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The economic impact of Brexit tariffs only tells us half the story

The economic impact of Brexit tariffs only tells us half the story

Brexit is about much more than the economic costs and benefits, but the idea that the former dramatically outweigh the latter has become the received wisdom in much of the media.

Report after report emerges which purports to show that, under any of the various trade arrangements envisaged, the UK will be worse off as a result of Brexit.

These studies are not wrong. They all use perfectly standard economic theory to arrive at their conclusions. But they are misleading.

The real problem is that they miss out key bits of the story. We can think of the classic tale of the person dropping his car keys in the street at night. He only looks for them under the street lamp, where the light is.

In the same way, standard economic analysis of Brexit only illuminates part of the landscape.

The explanation of why trade occurs between countries was given 200 years ago by the great English economist David Ricardo. It is still the basis of the modern economist’s understanding of trade.

Ricardo imagined, to illustrate his theory, a world with just two countries and two products. His examples were England and Portugal, and cloth and wine – but they could have been any countries and any products.

Ricardo asked a simple but profound question. If England could produce both cloth and wine more efficiently than Portugal, why would trade take place at all? How could the more efficient country, England, benefit from trade?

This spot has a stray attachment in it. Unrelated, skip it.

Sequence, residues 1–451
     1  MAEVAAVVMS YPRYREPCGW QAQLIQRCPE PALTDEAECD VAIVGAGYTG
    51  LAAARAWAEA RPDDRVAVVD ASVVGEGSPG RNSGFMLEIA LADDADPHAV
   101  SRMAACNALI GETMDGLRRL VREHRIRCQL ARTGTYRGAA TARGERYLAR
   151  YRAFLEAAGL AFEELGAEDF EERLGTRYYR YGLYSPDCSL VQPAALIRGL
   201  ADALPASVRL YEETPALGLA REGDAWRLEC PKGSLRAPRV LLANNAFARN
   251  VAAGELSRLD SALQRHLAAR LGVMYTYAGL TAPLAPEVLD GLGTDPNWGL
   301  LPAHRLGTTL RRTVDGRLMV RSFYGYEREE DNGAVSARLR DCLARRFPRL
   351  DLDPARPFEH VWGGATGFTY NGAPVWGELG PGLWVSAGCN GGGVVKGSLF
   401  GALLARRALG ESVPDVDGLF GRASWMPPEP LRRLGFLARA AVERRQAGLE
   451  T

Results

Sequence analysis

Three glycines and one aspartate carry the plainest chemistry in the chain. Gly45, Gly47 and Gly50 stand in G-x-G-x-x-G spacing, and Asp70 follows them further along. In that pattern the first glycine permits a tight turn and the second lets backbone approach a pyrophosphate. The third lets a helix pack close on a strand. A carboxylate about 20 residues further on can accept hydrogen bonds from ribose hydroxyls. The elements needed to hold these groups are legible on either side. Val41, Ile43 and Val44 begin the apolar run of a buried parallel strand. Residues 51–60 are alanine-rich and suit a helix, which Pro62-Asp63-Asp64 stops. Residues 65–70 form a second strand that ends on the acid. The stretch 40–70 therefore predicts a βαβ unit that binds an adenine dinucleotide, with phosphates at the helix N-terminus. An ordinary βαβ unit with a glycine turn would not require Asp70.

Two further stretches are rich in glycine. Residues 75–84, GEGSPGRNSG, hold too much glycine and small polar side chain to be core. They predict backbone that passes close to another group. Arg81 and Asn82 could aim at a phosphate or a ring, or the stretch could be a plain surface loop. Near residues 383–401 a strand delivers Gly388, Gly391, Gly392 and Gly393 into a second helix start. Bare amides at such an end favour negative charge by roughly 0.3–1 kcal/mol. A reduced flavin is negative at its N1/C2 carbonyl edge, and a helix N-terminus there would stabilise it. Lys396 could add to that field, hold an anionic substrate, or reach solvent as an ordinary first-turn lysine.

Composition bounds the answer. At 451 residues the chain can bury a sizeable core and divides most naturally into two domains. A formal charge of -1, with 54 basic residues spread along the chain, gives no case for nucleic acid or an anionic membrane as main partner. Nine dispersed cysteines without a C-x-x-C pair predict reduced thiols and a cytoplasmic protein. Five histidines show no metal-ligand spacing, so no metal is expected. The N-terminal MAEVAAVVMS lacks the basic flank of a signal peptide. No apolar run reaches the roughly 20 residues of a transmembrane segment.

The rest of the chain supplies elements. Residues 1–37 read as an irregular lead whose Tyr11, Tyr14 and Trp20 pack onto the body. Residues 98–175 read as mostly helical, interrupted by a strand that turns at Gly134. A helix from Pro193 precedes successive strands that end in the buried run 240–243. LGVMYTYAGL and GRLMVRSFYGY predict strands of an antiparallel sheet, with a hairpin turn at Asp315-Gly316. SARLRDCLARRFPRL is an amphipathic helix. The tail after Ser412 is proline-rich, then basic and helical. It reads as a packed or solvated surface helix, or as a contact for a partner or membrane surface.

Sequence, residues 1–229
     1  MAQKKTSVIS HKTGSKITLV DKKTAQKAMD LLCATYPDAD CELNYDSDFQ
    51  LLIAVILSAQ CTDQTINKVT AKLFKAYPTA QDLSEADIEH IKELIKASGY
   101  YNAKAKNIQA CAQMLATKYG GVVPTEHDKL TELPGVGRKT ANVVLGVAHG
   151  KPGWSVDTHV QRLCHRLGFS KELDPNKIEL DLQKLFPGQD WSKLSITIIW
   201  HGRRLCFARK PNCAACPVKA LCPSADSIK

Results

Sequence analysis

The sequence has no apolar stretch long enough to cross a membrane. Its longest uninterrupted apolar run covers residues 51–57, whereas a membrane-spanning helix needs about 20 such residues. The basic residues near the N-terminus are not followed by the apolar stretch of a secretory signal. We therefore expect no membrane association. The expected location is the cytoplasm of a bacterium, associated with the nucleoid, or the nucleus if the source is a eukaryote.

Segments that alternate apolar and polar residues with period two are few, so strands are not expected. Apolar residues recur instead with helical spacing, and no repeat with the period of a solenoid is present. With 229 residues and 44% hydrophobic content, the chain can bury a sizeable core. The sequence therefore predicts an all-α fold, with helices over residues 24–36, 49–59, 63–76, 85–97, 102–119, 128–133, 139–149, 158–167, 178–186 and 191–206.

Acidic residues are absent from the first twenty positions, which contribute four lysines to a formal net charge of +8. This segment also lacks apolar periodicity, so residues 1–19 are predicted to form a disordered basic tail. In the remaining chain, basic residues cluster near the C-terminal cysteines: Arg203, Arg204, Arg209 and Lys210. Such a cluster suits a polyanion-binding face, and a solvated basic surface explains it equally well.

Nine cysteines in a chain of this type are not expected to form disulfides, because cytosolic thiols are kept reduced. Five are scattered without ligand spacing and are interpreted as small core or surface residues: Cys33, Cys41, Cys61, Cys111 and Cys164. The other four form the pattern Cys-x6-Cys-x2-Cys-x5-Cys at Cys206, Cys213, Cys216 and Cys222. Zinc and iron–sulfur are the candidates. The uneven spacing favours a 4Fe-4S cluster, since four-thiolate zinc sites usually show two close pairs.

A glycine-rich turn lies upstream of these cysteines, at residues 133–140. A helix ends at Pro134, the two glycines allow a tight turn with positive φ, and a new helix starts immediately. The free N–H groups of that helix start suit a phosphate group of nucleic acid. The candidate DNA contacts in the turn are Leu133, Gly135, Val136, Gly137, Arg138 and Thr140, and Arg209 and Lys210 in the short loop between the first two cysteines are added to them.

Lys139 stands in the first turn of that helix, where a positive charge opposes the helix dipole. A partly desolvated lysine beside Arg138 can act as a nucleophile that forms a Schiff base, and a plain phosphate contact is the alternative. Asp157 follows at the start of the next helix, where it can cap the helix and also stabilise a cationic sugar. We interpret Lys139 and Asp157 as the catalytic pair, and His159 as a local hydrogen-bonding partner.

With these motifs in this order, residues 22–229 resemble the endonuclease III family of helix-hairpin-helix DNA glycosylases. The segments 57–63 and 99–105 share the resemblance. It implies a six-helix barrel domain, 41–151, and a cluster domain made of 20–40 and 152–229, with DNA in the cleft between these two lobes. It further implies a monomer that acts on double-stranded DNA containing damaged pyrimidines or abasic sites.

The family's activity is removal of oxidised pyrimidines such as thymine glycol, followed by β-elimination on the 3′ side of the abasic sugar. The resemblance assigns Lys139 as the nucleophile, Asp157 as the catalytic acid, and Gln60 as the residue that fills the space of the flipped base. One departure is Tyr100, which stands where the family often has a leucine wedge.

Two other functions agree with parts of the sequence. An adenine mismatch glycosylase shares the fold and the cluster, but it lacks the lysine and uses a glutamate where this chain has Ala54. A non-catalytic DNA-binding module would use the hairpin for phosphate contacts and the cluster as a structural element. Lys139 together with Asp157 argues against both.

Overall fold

His answer introduced the fundamental concept of comparative advantage. England had an absolute advantage in producing both cloth and wine, but the country should choose to specialise in producing the one in which its advantage compared to Portugal was bigger.  Both would benefit if England produced only cloth and Portugal only wine, and they traded.

Economics has moved on in the past two centuries, but the concept of comparative advantage, modified by factors such as the distance between countries, is still seen as a key determinant of trade patterns.

In terms of Brexit, introducing complexities like tariffs into the picture essentially affects the amount which is traded, and not the structure of trade in terms of who sells what to who.

If the basic pattern of trade is fixed by comparative advantage, then if Brexit means higher tariffs for the UK, as a country we will lose out. In a nutshell, this is what lies behind all the negative assessments of the impact of Brexit.

However, the key word in the last paragraph is “if”.  Like almost all economic theory, these models are static. They assume that the network of trade is fixed, and analyse the consequences of changing prices through tariffs.

The EU has become mired in regulation and the level of innovation is low. Outside the EU, the UK could alter the patterns of trade by innovating in, say, biotech or AI-related products and services. It is this dynamic response, and not the static one, which will determine whether or not Brexit is a success.

Economic models which claim to analyse the impact of Brexit are true – but only up to a point, Lord Copper, as the saying goes.

As published in City AM Wednesday 30th October 2019 
Image: Dover by Oast House Archive via Geograph licensed for use CC BY-SA 2.0
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Britain is more optimistic about Brexit than gloomy forecasts suggest

Britain is more optimistic about Brexit than gloomy forecasts suggest